trichotillomania in children

Trichotillomania is seven times more common in children than in adults and usually begins in preteens with the mean age of onset 12 years for girls and 8 years for boys. A form of childhood trauma, such as sexual abuse, usually causes the onset of trichotillomania. It is believed that childhood onset of trichotillomania can be outgrown, or cured more easily than adult onset trichotillomania.

Causes of Trichotillomania in Children

Tactile, oral and skin stimulation in children can be an important component of trichotillomania. Children who seek tactile, oral and skin stimulation are more likely to pull hair as an additional form of self-stimulation. The sensory seeking behavior of pulling out hair has a self -soothing effect similar to that achieved by rocking, thumb sucking or holding a stuffed animal.

Diagnosis of Trichotillomania in a Child

Children usually do not have the same awareness as older children and adults, and are not ashamed by their hair pulling. Children will typically not try to hide their hair pulling, which makes the diagnosis of trichotillomania in a child much easier than the diagnosis of trichotillomania in an adult. The sooner a child is diagnosed; the sooner treatment can begin, which has been shown to result in faster recovery times.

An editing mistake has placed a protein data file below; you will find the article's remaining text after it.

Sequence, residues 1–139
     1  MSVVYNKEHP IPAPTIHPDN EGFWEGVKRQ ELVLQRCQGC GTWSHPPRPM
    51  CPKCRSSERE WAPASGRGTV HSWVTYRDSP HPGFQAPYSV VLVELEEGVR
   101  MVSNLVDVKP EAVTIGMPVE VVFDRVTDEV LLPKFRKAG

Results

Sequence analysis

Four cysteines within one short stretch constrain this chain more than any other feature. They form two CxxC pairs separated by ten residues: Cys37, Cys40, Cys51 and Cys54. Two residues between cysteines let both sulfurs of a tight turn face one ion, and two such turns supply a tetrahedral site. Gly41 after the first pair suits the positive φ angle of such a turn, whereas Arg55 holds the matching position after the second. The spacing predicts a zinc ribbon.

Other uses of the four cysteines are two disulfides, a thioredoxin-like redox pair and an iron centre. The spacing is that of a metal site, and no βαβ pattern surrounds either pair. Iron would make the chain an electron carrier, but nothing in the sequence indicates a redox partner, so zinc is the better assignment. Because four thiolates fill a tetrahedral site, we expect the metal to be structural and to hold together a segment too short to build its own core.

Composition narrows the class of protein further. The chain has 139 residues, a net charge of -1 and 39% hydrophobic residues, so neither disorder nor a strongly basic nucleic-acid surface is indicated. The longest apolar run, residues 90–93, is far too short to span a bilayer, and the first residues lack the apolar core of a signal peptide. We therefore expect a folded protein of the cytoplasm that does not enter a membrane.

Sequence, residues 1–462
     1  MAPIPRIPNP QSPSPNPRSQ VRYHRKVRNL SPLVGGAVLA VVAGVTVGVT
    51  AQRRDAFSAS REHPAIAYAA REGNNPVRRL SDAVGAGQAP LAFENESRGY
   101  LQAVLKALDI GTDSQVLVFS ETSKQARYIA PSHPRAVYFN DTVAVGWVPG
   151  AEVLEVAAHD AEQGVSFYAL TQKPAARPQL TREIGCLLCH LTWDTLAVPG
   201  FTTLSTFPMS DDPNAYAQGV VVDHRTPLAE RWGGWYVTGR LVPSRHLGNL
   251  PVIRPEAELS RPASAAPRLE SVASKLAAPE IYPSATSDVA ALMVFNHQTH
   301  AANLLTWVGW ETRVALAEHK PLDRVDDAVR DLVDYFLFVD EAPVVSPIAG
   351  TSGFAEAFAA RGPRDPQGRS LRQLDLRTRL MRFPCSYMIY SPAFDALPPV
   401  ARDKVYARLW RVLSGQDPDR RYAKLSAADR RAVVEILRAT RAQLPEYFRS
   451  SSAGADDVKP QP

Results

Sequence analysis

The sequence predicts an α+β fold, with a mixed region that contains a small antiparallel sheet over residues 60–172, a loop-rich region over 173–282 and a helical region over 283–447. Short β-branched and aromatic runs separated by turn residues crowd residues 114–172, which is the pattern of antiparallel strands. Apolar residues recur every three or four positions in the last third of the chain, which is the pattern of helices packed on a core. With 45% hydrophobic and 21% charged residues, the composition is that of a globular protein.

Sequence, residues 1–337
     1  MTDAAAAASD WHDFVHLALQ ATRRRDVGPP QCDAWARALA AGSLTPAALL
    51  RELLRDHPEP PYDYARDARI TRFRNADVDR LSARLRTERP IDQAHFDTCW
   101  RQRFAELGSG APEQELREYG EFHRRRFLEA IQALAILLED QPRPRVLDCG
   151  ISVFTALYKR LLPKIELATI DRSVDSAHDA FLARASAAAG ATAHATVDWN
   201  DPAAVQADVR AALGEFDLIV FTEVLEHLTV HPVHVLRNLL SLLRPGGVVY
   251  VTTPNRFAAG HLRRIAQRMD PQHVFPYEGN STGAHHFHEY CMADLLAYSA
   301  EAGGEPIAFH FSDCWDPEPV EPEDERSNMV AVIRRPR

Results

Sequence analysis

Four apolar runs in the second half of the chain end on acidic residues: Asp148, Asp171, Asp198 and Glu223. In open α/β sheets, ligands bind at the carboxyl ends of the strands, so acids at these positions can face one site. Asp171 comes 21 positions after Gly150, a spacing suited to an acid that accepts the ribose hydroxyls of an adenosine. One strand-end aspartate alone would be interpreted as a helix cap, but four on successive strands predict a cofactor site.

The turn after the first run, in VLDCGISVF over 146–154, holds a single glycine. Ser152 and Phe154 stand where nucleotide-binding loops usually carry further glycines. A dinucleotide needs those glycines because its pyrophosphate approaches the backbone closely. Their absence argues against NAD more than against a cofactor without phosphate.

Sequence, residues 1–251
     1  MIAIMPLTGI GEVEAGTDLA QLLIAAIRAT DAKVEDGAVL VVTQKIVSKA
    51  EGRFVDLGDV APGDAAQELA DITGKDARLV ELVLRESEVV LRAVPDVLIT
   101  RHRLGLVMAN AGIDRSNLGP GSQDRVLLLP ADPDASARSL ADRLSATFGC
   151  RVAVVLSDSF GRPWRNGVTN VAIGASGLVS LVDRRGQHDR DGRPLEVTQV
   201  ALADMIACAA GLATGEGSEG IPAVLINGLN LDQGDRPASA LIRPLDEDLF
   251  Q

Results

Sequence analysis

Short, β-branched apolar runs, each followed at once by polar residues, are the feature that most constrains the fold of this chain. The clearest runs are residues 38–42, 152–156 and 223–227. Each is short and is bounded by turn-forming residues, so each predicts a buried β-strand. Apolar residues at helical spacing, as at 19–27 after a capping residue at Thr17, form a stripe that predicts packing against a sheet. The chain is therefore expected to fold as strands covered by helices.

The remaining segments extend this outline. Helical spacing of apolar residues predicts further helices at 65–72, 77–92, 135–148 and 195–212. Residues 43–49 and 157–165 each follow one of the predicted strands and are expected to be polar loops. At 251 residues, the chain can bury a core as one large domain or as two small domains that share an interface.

Awareness of Trichotillomania in a Child

A child with trichotillomania may not be as self aware as an adult with the disorder, but can suffer knowing that they are different than their peers and that there is “something wrong with them”. Trichotillomania can negatively impact a child’s self esteem and make them a target for bulling and teasing due to obvious hair loss resulting form the trichotillomania. Many children will go through a phase of hair pulling or fascination with others hair. This is completely normal and does not mean that the child is suffering from trichotillomania. If the child begins to loose patches of hair, or expresses that they wish they could stop hair pulling, treatment should be administered to the child.

>> Get comprehensive articles about Trichotillomania in Children on the new TrichStop site.